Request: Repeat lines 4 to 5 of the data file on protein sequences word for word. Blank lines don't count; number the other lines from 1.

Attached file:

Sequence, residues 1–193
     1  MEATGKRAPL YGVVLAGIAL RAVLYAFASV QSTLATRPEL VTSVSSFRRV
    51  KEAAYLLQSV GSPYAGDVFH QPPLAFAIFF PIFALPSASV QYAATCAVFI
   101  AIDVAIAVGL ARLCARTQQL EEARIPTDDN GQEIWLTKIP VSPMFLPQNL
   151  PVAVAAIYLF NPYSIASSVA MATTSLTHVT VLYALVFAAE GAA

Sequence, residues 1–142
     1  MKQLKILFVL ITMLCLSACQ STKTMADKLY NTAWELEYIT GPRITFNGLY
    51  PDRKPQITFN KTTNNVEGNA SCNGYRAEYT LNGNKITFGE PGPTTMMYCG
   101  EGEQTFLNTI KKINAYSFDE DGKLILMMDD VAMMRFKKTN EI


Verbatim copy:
   101  AIDVAIAVGL ARLCARTQQL EEARIPTDDN GQEIWLTKIP VSPMFLPQNL
   151  PVAVAAIYLF NPYSIASSVA MATTSLTHVT VLYALVFAAE GAA